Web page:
Artificial intelligence more accurate than the doctors diagnose breast cancer on mammography results, BBC reports citing a study published in the journal Nature.
An international team of scientists, in particular, Google Health and Imperial College London have developed a computer model and taught her how to diagnose cancer on the basis of x-ray images almost 29,000 women.
It turned out that the algorithm has read mammograms better than six separate radiologists .
Diagnostics of artificial intelligence proved to be as accurate as the joint work of two doctors.
Also, in contrast to humans, artificial intelligence never gets tired. Experts say that it can be used to improve the diagnosis of cancer.
How good is artificial intelligence?
In modern British health system x-rays every woman analyzed by two radiologist. In rare cases, when they can’t agree, evaluates images of the third doctor.
In the study, artificial intelligence, analysed the anonymous pictures, which it was impossible to identify the women. Unlike human experts who have access to the history of patients before artificial intelligence was only mammograms.
The results showed that the insights of artificial intelligence was as accurate as the diagnostic scheme with the participation of two doctors.
At the same time, artificial intelligence was diagnosed with cancer better than a single doctor. Compared to a single radiologist, the AI was 1.2% fewer false positive results (when mammogram to see cancer, which actually is not).
Also 2.7% less false negative results when the cancer is not diagnosed.
“Our team is really proud of the results of these studies, suggesting that we are on the way to the development of a tool that helps to diagnose breast cancer with greater accuracy,” said Dominic king from Google Health.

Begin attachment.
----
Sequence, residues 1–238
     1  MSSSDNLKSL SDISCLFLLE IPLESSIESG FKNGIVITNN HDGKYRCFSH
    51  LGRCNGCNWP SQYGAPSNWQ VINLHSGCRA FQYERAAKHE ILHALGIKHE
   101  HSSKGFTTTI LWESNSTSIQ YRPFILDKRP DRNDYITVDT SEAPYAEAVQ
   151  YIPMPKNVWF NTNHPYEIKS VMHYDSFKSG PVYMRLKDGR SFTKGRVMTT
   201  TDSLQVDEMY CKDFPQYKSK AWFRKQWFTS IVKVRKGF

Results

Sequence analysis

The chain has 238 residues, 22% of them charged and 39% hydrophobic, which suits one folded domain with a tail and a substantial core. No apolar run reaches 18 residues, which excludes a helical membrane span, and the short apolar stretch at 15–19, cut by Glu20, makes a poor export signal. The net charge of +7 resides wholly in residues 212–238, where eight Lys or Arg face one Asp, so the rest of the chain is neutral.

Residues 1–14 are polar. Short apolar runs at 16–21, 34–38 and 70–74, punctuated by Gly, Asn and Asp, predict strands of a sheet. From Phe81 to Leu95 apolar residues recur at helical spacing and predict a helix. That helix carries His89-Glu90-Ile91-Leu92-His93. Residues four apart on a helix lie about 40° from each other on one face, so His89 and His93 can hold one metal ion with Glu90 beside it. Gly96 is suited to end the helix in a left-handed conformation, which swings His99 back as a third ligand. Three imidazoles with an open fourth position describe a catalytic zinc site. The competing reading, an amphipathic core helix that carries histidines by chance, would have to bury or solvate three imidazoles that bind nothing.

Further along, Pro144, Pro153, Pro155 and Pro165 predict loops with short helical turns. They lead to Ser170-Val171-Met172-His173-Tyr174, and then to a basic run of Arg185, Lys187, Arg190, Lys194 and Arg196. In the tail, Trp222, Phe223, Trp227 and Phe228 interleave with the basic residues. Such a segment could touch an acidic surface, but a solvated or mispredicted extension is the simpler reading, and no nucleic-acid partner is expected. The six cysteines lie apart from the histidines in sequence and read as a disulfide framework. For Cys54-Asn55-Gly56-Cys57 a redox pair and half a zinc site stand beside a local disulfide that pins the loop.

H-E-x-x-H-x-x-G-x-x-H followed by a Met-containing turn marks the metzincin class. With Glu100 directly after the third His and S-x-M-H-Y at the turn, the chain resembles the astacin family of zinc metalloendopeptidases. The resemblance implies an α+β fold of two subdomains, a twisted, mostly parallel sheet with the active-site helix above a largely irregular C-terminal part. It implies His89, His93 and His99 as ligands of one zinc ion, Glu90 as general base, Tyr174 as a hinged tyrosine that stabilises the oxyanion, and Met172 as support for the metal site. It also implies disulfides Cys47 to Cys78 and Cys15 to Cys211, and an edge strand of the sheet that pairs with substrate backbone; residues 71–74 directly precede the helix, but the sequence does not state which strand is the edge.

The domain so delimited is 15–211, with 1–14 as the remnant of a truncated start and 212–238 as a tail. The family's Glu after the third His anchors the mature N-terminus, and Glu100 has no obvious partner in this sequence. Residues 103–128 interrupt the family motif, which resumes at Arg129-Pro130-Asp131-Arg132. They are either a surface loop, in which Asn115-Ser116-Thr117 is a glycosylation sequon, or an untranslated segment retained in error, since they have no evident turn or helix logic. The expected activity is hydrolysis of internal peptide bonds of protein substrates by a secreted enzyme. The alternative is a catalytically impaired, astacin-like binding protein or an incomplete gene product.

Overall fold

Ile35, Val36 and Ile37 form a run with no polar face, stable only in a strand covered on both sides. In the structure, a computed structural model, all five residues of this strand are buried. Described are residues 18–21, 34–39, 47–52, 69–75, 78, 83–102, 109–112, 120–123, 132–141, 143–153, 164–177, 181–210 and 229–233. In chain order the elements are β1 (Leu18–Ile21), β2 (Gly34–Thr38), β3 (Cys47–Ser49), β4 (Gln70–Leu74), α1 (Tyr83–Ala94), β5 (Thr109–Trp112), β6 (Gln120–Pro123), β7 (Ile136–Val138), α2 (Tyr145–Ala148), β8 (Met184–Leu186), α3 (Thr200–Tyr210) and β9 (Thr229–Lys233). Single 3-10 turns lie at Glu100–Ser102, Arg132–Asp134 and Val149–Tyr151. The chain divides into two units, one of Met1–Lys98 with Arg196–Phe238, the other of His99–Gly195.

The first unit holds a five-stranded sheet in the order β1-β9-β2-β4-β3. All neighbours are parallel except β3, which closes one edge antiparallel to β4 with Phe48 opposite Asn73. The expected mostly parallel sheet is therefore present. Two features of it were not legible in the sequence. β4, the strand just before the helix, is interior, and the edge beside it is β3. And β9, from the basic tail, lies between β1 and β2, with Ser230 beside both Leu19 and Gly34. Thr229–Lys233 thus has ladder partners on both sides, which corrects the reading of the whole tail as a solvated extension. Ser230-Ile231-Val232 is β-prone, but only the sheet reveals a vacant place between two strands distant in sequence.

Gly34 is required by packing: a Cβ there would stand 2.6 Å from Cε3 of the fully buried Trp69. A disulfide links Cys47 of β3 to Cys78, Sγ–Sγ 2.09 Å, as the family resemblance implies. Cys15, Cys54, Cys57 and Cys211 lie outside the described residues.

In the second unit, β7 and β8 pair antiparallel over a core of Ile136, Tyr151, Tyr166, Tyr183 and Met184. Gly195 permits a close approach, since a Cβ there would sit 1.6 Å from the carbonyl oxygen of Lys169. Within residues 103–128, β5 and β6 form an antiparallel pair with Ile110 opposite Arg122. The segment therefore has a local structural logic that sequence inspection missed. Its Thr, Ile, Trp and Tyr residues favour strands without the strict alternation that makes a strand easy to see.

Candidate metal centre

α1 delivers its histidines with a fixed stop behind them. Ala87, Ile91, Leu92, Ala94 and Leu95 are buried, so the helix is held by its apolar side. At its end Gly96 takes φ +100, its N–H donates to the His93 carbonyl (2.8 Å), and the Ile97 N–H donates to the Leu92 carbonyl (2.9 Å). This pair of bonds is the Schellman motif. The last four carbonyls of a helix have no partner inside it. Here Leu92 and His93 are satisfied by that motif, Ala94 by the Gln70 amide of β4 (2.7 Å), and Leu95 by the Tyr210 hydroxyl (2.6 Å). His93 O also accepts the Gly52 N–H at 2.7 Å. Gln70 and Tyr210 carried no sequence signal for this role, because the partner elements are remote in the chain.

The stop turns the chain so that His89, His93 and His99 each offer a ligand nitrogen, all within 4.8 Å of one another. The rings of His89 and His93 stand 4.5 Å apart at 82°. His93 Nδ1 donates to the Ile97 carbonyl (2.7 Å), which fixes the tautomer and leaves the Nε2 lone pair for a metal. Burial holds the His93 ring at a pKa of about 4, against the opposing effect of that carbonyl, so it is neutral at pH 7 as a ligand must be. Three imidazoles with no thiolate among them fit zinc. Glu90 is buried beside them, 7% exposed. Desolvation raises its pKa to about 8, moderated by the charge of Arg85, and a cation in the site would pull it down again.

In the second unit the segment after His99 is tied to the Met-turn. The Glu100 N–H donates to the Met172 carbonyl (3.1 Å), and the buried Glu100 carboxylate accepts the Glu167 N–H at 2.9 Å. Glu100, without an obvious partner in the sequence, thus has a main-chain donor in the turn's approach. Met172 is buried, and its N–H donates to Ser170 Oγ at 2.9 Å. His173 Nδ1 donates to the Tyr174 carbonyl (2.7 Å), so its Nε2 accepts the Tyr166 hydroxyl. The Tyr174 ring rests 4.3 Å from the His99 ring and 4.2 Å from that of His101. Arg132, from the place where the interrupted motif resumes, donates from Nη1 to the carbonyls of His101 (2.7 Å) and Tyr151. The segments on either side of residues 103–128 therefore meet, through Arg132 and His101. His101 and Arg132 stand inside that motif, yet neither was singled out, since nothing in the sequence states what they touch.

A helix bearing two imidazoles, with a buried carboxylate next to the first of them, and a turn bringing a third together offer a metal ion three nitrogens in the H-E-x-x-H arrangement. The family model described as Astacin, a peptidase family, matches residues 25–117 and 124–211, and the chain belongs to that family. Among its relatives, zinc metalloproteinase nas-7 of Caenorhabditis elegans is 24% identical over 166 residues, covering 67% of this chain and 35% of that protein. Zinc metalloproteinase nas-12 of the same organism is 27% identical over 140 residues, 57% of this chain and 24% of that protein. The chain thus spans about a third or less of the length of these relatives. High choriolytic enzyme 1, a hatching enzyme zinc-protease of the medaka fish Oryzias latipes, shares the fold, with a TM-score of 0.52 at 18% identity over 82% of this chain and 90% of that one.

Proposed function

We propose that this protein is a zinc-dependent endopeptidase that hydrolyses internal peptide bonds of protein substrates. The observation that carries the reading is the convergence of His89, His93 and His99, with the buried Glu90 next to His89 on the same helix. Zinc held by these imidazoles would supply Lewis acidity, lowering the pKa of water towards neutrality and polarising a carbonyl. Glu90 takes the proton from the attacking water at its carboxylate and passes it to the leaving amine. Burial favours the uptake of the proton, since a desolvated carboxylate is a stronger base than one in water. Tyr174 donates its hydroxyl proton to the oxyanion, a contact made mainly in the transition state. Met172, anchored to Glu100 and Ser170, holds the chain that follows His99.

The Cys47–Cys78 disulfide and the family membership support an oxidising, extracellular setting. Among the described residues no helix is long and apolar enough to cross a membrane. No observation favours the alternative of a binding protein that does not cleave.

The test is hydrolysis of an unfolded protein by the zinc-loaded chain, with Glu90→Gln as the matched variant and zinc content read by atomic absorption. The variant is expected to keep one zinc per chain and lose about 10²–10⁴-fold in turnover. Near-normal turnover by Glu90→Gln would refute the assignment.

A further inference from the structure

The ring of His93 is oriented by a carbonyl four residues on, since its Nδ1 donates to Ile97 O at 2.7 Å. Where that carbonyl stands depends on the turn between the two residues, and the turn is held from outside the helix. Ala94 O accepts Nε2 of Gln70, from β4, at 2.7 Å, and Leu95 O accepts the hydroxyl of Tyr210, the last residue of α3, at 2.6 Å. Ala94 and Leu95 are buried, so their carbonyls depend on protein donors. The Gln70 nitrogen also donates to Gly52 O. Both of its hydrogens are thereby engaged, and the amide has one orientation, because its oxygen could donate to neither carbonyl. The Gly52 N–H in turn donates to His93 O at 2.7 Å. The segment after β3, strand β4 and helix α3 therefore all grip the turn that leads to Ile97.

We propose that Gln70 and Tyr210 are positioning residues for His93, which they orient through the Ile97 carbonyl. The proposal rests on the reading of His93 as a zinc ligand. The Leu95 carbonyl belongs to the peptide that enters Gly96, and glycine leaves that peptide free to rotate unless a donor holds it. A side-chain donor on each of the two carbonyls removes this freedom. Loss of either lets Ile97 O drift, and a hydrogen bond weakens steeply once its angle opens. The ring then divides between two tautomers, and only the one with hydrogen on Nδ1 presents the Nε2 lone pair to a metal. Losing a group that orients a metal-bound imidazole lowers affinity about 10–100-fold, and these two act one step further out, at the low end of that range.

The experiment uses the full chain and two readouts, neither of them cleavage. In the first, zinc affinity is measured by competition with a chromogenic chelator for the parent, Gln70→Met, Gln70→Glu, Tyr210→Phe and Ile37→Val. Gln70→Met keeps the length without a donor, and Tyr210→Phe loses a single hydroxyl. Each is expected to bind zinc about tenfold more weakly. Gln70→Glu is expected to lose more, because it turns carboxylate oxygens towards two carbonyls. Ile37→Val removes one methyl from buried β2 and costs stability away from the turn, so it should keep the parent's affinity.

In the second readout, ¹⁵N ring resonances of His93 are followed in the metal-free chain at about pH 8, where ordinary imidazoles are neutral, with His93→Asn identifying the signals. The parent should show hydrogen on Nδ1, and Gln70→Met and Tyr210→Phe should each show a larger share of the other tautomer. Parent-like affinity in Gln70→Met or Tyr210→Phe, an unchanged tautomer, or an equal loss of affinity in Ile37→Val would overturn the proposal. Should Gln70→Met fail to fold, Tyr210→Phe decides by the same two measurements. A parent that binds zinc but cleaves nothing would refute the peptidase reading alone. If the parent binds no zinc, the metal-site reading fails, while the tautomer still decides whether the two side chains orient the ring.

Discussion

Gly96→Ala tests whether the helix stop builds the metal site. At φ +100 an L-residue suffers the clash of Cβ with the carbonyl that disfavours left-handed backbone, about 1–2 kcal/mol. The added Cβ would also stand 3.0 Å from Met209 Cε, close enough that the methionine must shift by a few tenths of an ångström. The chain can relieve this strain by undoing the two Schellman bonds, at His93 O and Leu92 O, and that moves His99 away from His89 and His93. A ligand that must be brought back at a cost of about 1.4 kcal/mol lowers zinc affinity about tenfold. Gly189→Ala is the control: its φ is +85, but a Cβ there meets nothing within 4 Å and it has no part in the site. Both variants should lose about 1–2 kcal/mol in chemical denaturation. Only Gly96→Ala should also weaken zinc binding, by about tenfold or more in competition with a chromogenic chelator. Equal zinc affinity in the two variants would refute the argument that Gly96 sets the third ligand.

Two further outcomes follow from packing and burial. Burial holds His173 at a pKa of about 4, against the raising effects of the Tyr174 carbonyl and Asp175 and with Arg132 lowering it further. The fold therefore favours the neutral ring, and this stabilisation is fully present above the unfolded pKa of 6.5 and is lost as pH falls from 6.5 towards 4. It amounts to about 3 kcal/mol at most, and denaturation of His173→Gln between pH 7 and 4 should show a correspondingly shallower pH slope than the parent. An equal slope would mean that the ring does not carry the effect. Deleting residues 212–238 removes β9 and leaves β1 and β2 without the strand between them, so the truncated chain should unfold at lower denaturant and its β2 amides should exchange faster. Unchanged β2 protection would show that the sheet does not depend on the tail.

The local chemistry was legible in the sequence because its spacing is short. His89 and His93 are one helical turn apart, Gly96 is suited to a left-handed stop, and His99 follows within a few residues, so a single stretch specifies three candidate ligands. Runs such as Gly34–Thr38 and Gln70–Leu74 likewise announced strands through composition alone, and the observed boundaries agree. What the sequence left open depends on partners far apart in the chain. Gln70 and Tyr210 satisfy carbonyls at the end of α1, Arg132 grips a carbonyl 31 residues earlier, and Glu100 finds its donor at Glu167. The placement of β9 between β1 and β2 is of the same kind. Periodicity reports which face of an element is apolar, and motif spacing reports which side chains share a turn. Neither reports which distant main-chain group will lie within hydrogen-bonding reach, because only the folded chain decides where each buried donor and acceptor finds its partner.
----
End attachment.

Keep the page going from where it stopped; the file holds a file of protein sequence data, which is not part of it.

In order to become a radiologist, which can decipher the mammogram, you need more than 10 years of preparation. Reading radiographs is a vital but very time-consuming work.
Replace if the artificial intelligence people?
No. After all, people have developed a model of artificial intelligence and taught her how to read images.
This was a pilot study and now the AI system directly in the clinics have not used responsible for the diagnosis, even if the AI will be at least one radiologist.
But the AI could largely eliminate the need for double reading of mammograms by two doctors, thus reducing their workload, researchers say.
Professor Professor Darzi Ara, co-author of the report and Director of the Imperial centre for cancer research UK (CRUK), told the BBC: “This has gone far beyond my expectations. This will have a significant impact on improving the quality of reporting and free up radiologists more time to do more important things.”
Women aged 50 to 70 years in the UK should be screened for breast cancer every three years.
The use of AI may eventually speed up diagnosis, since the computer algorithm can analyze the image for a few seconds.
Sarah Hiom, Director of research and early diagnosis of cancer in CRUK, told the BBC: “This promising early study which suggests that in the future it will be possible to make the diagnosis more accurate and efficient, which will mean less waiting and anxiety for patients, as well as the best results.”
Helen Edwards from Surrey was diagnosed with breast cancer at the age of 44 years before she won the right for a free screening. She needed surgery, chemotherapy and radiation therapy, but she overcame cancer, and since then it’s been more than a decade.
She represented the patients in the panel discussion CRUK, which will have to decide whether to allow Google Health using anonymising data about breast cancer.
“At first I was a bit concerned with what aim Google may use the data, but they lack any identifiers. In the long term this can only benefit women, she told the BBC. Machines of artificial intelligence do not get tired… they can work around the clock, while man cannot do so, because combining them together is a great idea.”
Katrine Johns has been a reporter on the news desk since 2013. Before that she wrote about young adolescence and family dynamics for Styles and was the legal affairs correspondent for the Metro desk. Before joining The Gal Post, Katrine Johns worked as a staff writer at the Village Voice and a freelancer for Newsday, The Wall Street Journal, GQ and Mirabella. To get in touch, contact me through my firstname.lastname@example.org 1-800-268-7128